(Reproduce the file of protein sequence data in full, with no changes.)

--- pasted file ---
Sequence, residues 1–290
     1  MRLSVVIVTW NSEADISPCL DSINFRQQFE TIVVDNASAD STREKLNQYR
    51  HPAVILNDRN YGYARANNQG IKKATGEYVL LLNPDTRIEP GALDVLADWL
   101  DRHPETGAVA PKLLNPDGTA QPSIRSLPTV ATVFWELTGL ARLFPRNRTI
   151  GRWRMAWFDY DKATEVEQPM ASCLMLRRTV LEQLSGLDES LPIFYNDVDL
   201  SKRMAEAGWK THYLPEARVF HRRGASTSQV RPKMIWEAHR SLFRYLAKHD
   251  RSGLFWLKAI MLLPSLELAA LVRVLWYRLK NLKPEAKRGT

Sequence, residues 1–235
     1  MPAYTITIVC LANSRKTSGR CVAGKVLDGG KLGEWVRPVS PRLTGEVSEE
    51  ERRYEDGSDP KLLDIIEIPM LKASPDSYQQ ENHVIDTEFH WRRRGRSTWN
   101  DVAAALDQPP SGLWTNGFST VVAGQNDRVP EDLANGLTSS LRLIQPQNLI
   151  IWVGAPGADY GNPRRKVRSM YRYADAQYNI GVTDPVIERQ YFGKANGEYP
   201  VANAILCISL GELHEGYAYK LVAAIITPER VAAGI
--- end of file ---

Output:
Sequence, residues 1–290
     1  MRLSVVIVTW NSEADISPCL DSINFRQQFE TIVVDNASAD STREKLNQYR
    51  HPAVILNDRN YGYARANNQG IKKATGEYVL LLNPDTRIEP GALDVLADWL
   101  DRHPETGAVA PKLLNPDGTA QPSIRSLPTV ATVFWELTGL ARLFPRNRTI
   151  GRWRMAWFDY DKATEVEQPM ASCLMLRRTV LEQLSGLDES LPIFYNDVDL
   201  SKRMAEAGWK THYLPEARVF HRRGASTSQV RPKMIWEAHR SLFRYLAKHD
   251  RSGLFWLKAI MLLPSLELAA LVRVLWYRLK NLKPEAKRGT

Sequence, residues 1–235
     1  MPAYTITIVC LANSRKTSGR CVAGKVLDGG KLGEWVRPVS PRLTGEVSEE
    51  ERRYEDGSDP KLLDIIEIPM LKASPDSYQQ ENHVIDTEFH WRRRGRSTWN
   101  DVAAALDQPP SGLWTNGFST VVAGQNDRVP EDLANGLTSS LRLIQPQNLI
   151  IWVGAPGADY GNPRRKVRSM YRYADAQYNI GVTDPVIERQ YFGKANGEYP
   201  VANAILCISL GELHEGYAYK LVAAIITPER VAAGI